I have just finished reading a plea that went viral on Facebook from a Winnipeg, Manitoba father, Neal Cohen, whose five-month-old baby girl was just diagnosed with the measles. My heart and my thoughts go out to Neal, his wife, and their little girl. The rage this father expressed in his open letter is completely understandable. In a society that has more information at their fingertips than they have ever had, it amazes me that the opinion of a celebrity such as Jenny McCarthy or some selective information can sway people away from their common sense.

I am a mother of two and a grandmother of three (soon to be four) and I am not going to offer my opinion, only my experience. You see, I had the measles when I was a child. I am nearly 60 now, but the experience was so horrible that I still vividly remember it.

It was deep in the summer and very hot. For no reason I could think of, I just started feeling listless. Considering the time of year I thought it could be from the heat. It didn’t get better so I went to bed early that day.

The next morning was my 12th birthday. I woke up from a bad night’s sleep with a raging fever, my eyes felt like they were on fire, and I couldn’t see properly. My head was pounding out an anvil chorus so badly that I wanted to scream and every bone in my body ached. On the heels of that I realized I had developed a rash. It seemed like every time I checked, the rash was moving at record pace, soon covering my entire body from head to toe. I was very, very sick.

I remember my mother on the phone with the doctor and watching the rash come out on my brother. Yes, misery was going to have company. My mother was terrified that my brother and I were going to be left permanently disabled. She was terrified for my hearing; you see as an early 12th birthday present, she’d just let me get my ears pierced. Later as a mother myself I could understand her visceral fear for my life and my brother’s.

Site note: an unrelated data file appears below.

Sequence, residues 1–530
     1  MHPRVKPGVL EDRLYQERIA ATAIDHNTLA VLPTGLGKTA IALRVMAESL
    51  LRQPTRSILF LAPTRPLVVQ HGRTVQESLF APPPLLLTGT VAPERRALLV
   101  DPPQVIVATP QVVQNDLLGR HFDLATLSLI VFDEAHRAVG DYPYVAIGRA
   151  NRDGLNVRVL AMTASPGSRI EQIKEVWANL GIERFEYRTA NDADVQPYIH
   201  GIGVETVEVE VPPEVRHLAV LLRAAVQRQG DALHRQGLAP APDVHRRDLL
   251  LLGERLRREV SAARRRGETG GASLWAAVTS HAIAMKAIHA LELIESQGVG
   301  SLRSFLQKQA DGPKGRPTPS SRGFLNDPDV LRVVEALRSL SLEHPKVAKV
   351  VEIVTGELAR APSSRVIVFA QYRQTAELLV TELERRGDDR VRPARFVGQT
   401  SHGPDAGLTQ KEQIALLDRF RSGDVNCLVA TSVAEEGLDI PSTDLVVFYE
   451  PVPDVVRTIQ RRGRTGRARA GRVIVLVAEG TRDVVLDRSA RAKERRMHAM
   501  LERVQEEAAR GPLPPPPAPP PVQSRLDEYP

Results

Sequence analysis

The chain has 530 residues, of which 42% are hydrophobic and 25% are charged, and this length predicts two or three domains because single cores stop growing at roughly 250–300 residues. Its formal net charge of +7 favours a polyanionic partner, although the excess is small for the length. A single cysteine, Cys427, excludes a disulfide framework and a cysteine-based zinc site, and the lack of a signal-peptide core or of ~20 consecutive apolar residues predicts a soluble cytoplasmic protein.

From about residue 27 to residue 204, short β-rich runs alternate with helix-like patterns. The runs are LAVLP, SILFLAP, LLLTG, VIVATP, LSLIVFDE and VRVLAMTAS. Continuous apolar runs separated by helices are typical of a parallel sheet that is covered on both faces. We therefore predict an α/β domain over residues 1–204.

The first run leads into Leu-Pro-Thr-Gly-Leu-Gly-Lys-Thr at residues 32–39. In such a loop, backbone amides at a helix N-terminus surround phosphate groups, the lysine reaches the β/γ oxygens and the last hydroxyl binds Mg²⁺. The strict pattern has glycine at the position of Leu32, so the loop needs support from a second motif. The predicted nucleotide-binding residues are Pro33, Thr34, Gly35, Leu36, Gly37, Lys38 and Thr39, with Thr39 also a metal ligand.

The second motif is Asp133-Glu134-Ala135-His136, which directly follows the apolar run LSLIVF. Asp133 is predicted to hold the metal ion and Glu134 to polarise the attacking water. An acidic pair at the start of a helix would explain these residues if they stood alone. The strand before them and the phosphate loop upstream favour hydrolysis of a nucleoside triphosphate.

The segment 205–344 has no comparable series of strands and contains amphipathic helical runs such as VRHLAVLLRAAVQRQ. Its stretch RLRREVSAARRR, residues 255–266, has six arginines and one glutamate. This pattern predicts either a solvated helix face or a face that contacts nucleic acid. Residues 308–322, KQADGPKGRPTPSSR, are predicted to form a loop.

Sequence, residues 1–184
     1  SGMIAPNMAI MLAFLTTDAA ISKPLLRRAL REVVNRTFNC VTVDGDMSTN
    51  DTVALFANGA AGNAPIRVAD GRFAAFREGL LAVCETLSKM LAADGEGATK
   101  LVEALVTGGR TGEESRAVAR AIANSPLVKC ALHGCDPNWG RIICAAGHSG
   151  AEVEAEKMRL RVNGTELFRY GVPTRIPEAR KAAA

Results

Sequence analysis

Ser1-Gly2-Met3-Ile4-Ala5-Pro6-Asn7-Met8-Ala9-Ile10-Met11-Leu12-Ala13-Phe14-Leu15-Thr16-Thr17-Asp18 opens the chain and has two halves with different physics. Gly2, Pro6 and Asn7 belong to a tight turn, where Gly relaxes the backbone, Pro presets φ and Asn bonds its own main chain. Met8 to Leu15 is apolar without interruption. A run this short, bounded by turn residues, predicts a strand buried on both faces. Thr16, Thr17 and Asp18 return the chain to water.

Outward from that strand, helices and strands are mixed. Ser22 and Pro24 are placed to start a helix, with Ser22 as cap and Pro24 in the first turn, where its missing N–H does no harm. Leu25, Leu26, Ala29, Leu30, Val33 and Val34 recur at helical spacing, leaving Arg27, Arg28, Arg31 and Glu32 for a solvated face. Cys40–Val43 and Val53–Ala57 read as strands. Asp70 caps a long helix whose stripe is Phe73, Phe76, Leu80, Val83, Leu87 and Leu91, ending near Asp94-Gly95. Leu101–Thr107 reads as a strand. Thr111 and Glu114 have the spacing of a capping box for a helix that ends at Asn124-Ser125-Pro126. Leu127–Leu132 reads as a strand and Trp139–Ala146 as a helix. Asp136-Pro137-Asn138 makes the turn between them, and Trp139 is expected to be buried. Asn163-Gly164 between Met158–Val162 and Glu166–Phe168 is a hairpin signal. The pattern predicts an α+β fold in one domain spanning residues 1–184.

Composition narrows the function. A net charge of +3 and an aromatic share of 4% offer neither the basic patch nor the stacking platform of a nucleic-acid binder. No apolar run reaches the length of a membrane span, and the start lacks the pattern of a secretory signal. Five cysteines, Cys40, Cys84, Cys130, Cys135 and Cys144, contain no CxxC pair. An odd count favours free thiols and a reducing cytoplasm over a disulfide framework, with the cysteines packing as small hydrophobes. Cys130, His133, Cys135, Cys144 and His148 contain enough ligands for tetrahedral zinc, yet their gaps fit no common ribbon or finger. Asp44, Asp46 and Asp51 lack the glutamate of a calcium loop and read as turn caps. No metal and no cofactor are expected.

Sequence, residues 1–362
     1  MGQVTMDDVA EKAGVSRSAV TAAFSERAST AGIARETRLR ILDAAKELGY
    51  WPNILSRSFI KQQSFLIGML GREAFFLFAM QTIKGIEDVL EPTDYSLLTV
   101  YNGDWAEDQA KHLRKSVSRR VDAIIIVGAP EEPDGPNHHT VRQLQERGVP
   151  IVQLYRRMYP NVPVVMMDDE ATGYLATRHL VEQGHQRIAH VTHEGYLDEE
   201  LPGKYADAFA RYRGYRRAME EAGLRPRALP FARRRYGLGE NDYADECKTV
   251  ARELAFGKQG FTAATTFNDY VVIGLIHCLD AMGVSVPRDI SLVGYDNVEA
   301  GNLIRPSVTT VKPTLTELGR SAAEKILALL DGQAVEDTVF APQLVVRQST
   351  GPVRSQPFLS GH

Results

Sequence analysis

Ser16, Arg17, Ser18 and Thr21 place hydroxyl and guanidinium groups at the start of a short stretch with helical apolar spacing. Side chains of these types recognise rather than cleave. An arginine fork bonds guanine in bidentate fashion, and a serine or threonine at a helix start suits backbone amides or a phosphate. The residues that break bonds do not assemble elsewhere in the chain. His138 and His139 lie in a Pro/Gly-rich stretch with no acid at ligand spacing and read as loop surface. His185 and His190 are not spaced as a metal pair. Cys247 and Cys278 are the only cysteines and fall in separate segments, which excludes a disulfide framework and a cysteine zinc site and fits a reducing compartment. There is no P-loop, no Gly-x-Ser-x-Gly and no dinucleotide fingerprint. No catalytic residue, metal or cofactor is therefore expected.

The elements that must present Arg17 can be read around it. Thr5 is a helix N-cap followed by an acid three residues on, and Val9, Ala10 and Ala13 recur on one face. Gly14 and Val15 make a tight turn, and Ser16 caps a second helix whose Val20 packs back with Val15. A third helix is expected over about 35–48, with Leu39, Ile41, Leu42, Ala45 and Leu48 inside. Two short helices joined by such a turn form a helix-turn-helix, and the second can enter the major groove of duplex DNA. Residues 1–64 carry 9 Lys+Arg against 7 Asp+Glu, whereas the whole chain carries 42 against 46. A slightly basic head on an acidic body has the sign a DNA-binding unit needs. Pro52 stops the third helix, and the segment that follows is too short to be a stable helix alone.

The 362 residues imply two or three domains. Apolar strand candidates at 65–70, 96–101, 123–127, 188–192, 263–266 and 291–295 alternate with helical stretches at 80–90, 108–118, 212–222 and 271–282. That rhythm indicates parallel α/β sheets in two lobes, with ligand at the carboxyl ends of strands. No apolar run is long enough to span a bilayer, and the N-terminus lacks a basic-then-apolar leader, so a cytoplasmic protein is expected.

The doctor told my mother that for me it was going to be bad. Apparently 12 was somewhat old to have the measles, so the old style of treatment applied. I was to stay in bed nursing chills that rocked my body. My eyes were not to be strained under ANY circumstances; I was not allowed to read books, no TV, no daylight, nothing that could take my mind off the excruciating pain I was in. I had no energy for any of those activities anyways, I was in so much pain I wished I would die.

I spent a week like this, and my mother spent a week fearing the worst, but I obviously survived. Even so, I have been living with the effects of the measles for nearly 48 years. While I had been the picture of health before, since the measles, I continue to suffer from blinding headaches and middle ear issues that have only gotten worse as I have gotten older. I’ve been told that each of these problems – which did not exist before the measles – is likely the result of the severity of the virus’ attack on my body.

Now as a grandmother knowing what the measles is like personally I don’t understand why anyone would think of putting their child through something like what my brother and I went through. A simple shot can prevent terrible illness and lifelong suffering. It bothers me when I hear antivaxxers say, “nobody dies from the measles.” While I survived, I did not survive unscathed. Even the word “antivaxxer” sounds like a new disease.

I now have two precious grandsons, a granddaughter and one more grandchild on the way. I cannot imagine them being endangered by someone who listened to a celebrity, or cherry-picked information on the internet instead of referring to their doctor. Please give your children a fighting chance and talk to your doctor about vaccines. Don’t let your child, or my grandchildren, suffer like I had to. – Edited by Leslie Waghorn

 

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Categories: Accidents, Injuries, + Abuse, Chronic Illnesses + Conditions, Infectious Disease + Vaccines, Policy, Politics, + Pop Health